How to open a bank account in New Zealand

You can open a bank account in New Zealand in person or online from overseas. Here’s how to go about it.

Xe Consumer APAC

6 de noviembre de 20209 min read

Woman in Auckland checking her bank account on her phone

New Zealand is the ultimate destination for many people—thanks to its fairytale forests, gorgeous oceans, stunning glaciers, and breathtaking mountains. It welcomes thousands of expats every year who have decided to move there permanently or take advantage of the Working Holiday Visa program.

You may have decided to move to New Zealand for different reasons. Whatever the reason, you will need a bank account to more easily manage your finances. We’ve got good news for you: opening an account in the country is easy, whether you’re an expat or a student. You may even walk out of the bank with your ATM card. Here's how to open a bank account in New Zealand.

What are the requirements for opening a New Zealand bank account?

  • A valid passport.

  • A visa—if you are a citizen of another country besides Australia and the UK. You must have a Working Holiday Visa or a Visitor Visa.

  • Proof of residential address like a recent utility bill, employment agreement, bank statement, or a letter.

  • Opening balance, though this varies from bank to bank.

How to open a New Zealand bank account as a non-resident

If you’re a non-resident, these are the documents you need to have when opening a bank account in New Zealand.

  • An ID document: your passport or a New Zealand ID.

  • A New Zealand IRD number: this can be your tax number or tax declaration from your country.

  • Proof of address: your current address overseas. However, you’ll need to provide your permanent address in New Zealand after you move.

  • A visa: a residence, work, or student visa.

What do you need to open a New Zealand chequing account?

Don’t know where to start? A chequing (or checking) account is the most common type of bank account in New Zealand. It is also called a transaction account, an everyday account, and a current account. To open the account, you need all the identification documents we’ve listed above.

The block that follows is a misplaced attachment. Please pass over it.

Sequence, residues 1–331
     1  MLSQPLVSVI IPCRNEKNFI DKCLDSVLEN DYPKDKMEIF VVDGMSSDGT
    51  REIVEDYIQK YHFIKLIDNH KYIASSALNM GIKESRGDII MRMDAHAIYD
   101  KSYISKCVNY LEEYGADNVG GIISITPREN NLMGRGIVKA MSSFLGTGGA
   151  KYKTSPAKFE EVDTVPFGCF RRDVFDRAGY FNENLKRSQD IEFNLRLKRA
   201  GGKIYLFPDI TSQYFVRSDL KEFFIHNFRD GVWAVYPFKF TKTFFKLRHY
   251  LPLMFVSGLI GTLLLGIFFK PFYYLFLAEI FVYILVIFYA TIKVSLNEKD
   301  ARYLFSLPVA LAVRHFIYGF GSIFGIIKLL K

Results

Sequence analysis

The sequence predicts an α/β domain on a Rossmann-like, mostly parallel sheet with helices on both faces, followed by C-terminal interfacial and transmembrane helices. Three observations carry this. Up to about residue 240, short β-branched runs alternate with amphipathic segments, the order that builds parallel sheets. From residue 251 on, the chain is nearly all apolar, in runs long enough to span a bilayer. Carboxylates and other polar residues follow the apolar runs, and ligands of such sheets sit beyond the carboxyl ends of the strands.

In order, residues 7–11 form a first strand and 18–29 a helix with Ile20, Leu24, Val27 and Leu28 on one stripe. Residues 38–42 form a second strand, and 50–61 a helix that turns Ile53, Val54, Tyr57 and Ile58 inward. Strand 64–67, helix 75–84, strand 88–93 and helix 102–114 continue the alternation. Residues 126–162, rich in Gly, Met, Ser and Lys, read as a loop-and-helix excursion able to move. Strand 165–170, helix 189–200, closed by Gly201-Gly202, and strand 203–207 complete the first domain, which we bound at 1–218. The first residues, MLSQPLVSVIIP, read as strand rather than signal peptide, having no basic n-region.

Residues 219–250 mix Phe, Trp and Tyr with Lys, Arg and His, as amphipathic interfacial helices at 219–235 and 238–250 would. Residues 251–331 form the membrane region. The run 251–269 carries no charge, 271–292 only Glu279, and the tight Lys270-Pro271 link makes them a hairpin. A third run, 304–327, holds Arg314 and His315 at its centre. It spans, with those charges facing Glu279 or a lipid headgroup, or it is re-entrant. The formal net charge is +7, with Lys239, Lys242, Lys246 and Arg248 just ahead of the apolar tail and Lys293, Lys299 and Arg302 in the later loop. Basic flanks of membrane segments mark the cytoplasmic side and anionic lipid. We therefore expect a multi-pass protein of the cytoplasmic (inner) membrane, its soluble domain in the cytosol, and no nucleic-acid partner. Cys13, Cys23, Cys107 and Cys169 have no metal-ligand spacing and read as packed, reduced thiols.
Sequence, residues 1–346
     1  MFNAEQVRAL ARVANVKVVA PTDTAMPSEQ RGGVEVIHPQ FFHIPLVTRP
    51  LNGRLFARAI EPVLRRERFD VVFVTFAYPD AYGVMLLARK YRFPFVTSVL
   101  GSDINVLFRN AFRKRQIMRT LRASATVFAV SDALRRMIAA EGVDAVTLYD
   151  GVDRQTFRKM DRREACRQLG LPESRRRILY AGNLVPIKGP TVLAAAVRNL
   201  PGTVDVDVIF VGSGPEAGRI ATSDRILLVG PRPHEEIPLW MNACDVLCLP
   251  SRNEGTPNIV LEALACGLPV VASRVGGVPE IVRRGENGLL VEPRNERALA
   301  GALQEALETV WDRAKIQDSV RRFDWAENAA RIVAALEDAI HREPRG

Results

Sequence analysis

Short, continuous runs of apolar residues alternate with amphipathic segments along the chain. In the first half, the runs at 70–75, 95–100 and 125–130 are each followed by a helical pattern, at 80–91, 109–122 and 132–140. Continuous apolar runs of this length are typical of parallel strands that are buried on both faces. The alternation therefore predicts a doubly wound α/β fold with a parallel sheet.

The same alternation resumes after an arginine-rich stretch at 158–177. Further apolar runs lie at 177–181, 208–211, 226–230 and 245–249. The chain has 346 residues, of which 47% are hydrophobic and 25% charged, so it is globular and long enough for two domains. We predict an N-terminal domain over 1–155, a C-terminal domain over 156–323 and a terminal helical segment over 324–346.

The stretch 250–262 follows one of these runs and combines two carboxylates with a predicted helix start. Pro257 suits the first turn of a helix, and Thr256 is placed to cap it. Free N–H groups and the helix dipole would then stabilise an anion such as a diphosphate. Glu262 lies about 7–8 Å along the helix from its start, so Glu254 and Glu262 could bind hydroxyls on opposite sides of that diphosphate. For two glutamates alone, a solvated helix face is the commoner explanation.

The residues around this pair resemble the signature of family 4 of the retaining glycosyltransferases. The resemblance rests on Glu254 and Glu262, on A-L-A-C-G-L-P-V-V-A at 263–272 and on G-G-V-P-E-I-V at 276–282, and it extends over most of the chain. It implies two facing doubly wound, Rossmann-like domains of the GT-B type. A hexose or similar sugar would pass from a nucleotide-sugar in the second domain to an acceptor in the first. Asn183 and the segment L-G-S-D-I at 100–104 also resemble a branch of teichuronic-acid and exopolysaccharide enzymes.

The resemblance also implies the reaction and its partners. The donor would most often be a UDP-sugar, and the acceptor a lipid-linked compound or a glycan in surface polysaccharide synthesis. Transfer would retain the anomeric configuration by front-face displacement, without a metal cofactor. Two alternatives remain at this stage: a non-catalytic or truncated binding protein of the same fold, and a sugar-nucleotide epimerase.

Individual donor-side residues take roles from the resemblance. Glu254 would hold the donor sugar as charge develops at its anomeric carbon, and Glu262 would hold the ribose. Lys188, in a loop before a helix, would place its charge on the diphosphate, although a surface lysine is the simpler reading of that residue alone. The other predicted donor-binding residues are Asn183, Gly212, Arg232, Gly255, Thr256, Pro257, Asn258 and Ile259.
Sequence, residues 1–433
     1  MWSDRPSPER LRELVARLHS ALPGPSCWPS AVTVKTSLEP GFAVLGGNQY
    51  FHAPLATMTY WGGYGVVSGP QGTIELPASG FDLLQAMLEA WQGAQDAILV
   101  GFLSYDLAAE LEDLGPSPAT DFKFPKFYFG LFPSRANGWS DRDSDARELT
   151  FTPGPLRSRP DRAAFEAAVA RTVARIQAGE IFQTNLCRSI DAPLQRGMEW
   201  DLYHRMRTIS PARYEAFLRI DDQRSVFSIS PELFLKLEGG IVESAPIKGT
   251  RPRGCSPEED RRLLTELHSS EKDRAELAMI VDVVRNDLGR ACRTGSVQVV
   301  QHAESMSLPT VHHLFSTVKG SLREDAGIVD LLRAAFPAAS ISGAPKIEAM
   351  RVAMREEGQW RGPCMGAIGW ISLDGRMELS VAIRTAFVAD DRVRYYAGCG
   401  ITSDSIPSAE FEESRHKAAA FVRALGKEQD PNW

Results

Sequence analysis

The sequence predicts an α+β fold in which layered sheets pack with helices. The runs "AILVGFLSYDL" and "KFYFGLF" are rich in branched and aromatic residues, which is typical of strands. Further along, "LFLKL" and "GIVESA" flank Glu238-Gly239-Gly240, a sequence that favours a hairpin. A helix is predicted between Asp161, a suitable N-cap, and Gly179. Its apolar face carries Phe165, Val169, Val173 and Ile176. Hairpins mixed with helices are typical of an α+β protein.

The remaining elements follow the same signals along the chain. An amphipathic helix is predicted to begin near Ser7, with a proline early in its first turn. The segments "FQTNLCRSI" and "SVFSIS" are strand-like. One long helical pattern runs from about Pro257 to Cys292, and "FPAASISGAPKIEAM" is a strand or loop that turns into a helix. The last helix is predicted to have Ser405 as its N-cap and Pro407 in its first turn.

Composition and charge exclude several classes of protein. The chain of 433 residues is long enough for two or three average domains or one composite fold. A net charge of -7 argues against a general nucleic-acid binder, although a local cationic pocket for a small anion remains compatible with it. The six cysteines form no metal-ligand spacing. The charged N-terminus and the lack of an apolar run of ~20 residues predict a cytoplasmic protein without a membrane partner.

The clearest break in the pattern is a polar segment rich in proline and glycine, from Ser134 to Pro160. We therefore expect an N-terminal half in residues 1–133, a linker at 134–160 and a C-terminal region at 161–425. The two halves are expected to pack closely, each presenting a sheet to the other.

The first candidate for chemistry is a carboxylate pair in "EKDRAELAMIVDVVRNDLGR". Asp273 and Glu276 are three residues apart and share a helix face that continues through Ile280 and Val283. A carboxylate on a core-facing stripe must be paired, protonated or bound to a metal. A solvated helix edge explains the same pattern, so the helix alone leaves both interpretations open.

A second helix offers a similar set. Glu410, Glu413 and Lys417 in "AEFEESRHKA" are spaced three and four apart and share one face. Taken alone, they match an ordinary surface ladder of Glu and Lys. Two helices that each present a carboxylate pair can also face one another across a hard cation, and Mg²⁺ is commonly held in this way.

But while this account may be the best one to serve all of your basic money management needs, you might be looking for a bank account for a specific purpose. In that case, you might prefer a different type of bank account.

Types of New Zealand bank accounts

Transaction account

As we said above, this is the simplest, most common account type. You can use this account to manage your everyday finances, with functions such as:

  • Withdrawing money

  • Making payments

  • Depositing your income.

Transaction accounts are ideal for both individuals and businesses as they make money easily accessible.

In the near future, you may not even need a debit card to access the money in your transaction account because banking apps and digital wallets let you make contactless payments using your mobile phone. The apps available in New Zealand include:

  • Google Wallet

  • Samsung pay

  • Apple pay.

Savings account

A savings account allows you to set money aside for the future. The money earns interest because the bank uses it to lend out to others. Savings accounts are secure and your money is always available when you need it. As the amount in your account grows, so does the interest you earn.